We recommend beginning by building a deep understanding of your unique market and technical capabilities, which will serve as the launch point for identifying problems to solve. This understanding needs to be deep and unbiased, starting with concrete examples of where you have won or lost, and why. Companies often mistakenly assume they fully understand their technology, but I can’t tell you how many times I’ve heard a client say, “That’s a really good question. I haven’t ever considered that before.”

The next step is to get outside the building and be creative in using every tool you have for directly connecting with and observing customers. You are not looking for general domains or customer segments – you are looking for highly specific applications with important problems and interested customers. The key here is to avoid setting up a linear stage-gate-like process for screening opportunities, and instead iteratively identify opportunities that meet certain minimum criteria, and then immediately validate them with customers. 

Finally, opportunities that are successfully validated can be reanalyzed and abstracted to create larger platforms for growth. For instance, on one recent project we found a niche opportunity for our client’s specialty polymer to replace a key component in surgical instruments. Once we knew it was a fit, we were able to find other related medical and manufacturing applications exhibiting similar operating conditions. At the end of the engagement, our client had a “bottom-up” growth strategy that provided a unique way of approaching the market that was specific to their capabilities, tested with customers, and unknown to their competitors.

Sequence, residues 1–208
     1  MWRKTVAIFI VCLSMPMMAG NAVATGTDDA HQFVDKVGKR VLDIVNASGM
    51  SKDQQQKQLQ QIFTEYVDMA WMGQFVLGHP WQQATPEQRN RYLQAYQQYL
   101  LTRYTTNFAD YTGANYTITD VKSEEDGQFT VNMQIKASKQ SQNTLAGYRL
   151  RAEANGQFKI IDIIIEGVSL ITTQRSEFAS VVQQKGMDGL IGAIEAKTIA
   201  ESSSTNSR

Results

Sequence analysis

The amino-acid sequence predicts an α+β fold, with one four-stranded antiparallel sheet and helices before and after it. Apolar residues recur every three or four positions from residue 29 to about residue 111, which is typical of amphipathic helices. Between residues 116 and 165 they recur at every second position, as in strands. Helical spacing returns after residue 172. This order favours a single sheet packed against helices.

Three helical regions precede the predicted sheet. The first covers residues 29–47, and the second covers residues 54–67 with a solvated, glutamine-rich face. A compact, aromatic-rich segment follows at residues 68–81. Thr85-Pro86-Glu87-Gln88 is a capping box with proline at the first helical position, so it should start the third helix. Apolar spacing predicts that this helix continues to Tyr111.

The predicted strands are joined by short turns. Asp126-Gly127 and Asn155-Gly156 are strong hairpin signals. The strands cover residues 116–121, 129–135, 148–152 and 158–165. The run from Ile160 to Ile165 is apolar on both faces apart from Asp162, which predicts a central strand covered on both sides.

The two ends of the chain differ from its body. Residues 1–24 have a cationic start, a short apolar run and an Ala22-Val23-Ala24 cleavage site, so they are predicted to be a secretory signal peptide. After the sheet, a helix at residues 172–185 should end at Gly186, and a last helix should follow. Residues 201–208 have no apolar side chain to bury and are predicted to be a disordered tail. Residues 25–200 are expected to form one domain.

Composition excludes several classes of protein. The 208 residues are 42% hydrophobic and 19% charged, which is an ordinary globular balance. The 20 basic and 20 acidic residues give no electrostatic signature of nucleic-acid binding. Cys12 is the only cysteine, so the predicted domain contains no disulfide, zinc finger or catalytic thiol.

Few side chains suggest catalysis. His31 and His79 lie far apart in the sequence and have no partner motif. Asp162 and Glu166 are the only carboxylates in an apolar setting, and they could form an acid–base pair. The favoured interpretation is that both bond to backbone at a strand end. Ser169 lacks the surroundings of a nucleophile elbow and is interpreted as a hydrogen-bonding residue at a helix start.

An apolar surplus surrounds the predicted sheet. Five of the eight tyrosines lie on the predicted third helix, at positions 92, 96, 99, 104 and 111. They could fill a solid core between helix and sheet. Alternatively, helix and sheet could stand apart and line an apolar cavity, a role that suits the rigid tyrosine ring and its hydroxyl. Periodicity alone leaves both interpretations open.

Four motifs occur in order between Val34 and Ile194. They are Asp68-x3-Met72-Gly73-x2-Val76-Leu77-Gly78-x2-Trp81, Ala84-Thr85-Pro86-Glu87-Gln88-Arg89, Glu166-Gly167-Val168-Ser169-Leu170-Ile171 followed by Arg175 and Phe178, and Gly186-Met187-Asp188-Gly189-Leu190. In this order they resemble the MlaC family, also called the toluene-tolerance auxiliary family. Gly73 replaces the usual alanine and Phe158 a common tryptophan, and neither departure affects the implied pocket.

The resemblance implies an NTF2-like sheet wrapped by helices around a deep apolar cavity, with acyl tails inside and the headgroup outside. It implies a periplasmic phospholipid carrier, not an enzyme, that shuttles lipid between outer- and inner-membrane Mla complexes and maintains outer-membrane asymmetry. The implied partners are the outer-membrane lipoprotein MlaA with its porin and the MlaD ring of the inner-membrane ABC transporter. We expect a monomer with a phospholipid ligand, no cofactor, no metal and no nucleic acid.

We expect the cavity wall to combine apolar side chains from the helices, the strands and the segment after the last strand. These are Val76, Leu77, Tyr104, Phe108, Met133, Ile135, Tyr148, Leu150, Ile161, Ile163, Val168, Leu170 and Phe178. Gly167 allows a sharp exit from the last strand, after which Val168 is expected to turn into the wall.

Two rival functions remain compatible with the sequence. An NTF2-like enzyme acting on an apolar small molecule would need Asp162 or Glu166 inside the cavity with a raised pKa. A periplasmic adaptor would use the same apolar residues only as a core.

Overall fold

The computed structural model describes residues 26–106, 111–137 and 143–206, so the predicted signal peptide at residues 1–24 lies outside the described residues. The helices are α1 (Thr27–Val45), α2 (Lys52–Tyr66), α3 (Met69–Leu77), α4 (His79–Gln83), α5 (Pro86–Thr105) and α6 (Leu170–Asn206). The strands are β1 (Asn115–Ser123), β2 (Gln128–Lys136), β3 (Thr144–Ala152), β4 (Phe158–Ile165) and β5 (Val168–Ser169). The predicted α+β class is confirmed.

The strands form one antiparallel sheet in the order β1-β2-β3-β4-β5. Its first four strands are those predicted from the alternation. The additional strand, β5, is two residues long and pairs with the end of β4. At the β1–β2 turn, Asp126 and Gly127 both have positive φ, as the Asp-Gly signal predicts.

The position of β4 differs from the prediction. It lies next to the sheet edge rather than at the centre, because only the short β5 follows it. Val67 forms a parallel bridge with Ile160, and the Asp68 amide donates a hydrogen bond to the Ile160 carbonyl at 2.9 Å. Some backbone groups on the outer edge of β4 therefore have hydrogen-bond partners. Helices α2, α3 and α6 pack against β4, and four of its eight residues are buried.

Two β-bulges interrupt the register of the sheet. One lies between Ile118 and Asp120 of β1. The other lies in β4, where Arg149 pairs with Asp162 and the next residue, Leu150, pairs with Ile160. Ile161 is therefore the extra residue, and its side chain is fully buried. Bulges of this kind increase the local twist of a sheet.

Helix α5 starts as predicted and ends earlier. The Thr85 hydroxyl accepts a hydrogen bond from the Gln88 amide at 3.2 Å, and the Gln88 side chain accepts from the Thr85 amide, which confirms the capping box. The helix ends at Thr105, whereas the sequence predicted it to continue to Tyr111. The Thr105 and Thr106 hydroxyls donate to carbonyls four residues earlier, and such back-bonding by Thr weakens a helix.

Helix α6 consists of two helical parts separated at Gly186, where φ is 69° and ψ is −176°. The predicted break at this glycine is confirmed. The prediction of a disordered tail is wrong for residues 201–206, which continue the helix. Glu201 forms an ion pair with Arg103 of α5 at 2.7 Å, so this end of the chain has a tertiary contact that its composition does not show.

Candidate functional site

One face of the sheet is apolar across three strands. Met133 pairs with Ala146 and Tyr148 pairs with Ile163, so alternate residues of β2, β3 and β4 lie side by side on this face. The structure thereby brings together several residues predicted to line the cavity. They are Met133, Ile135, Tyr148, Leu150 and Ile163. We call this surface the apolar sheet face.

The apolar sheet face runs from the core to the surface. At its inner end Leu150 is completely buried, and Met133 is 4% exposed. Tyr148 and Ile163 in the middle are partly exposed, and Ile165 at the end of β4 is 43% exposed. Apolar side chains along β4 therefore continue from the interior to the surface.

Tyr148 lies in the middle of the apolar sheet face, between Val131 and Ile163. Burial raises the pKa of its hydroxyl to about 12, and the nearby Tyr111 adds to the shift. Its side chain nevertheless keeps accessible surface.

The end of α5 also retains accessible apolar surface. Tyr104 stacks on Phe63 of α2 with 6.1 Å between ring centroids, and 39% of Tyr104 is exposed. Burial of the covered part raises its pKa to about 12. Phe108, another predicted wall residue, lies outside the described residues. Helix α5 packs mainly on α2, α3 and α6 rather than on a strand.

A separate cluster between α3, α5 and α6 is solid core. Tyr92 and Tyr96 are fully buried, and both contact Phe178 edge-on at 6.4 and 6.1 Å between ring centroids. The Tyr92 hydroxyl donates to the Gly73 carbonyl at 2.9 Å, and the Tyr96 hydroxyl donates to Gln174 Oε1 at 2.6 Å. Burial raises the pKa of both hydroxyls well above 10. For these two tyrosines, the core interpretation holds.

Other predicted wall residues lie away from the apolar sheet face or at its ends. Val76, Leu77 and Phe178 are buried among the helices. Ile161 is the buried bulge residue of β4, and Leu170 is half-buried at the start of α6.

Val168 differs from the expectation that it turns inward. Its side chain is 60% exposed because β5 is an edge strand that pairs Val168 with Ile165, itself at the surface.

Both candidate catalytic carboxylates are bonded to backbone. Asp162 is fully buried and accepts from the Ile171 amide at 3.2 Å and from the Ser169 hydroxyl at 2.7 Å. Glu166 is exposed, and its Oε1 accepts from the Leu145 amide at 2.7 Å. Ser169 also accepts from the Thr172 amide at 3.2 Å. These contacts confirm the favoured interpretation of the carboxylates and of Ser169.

We are constantly amazed by how effective this approach is for identifying real, revenue-generating opportunities; but, of course, the real challenge is applying this framework quickly and effectively across a broad set of industries and markets. Newry is currently developing some tools and processes to help overcome that obstacle, including one that leverages text analytics and machine learning to analyze customer activity for finding and validating unsolved problems. It doesn’t obviate the need for smart people and hard work, but it does enable them to be much faster and more focused in the process.

Ultimately, though, while tools and processes are undoubtedly important, half of the battle is just in recognizing the fundamental flaws of chasing money. If instead you focus all of your effort on finding critical customer problems to solve, then, in our experience, the money will come.  

Getting Money

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Jonathan Fegely

Jonathan Fegely's experience in assessing the market potential of emerging technologies has encompassed industries ranging from solar thermal energy to specialty chemical manufacturing to advanced medical imaging and diagnostics. His work has helped technology innovators address their growth objectives, from identifying new opportunities, to analyzing complicated system economics. Jonathan has a bachelor's degree…